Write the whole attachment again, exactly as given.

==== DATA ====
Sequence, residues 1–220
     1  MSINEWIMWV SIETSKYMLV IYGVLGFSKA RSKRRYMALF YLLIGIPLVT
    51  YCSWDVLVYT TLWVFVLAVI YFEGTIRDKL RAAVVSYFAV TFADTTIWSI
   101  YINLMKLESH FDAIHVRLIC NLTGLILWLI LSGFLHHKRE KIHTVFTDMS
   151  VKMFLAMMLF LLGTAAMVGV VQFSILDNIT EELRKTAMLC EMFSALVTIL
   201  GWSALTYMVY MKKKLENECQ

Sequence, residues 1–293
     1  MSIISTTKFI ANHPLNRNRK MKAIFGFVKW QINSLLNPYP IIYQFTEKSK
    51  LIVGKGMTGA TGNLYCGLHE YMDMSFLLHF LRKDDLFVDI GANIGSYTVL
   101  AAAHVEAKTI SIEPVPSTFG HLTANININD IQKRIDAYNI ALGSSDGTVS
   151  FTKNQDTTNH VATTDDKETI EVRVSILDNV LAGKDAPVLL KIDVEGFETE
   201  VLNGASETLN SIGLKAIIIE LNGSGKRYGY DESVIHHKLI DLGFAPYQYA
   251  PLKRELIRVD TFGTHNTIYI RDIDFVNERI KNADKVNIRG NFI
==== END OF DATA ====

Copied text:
Sequence, residues 1–220
     1  MSINEWIMWV SIETSKYMLV IYGVLGFSKA RSKRRYMALF YLLIGIPLVT
    51  YCSWDVLVYT TLWVFVLAVI YFEGTIRDKL RAAVVSYFAV TFADTTIWSI
   101  YINLMKLESH FDAIHVRLIC NLTGLILWLI LSGFLHHKRE KIHTVFTDMS
   151  VKMFLAMMLF LLGTAAMVGV VQFSILDNIT EELRKTAMLC EMFSALVTIL
   201  GWSALTYMVY MKKKLENECQ

Sequence, residues 1–293
     1  MSIISTTKFI ANHPLNRNRK MKAIFGFVKW QINSLLNPYP IIYQFTEKSK
    51  LIVGKGMTGA TGNLYCGLHE YMDMSFLLHF LRKDDLFVDI GANIGSYTVL
   101  AAAHVEAKTI SIEPVPSTFG HLTANININD IQKRIDAYNI ALGSSDGTVS
   151  FTKNQDTTNH VATTDDKETI EVRVSILDNV LAGKDAPVLL KIDVEGFETE
   201  VLNGASETLN SIGLKAIIIE LNGSGKRYGY DESVIHHKLI DLGFAPYQYA
   251  PLKRELIRVD TFGTHNTIYI RDIDFVNERI KNADKVNIRG NFI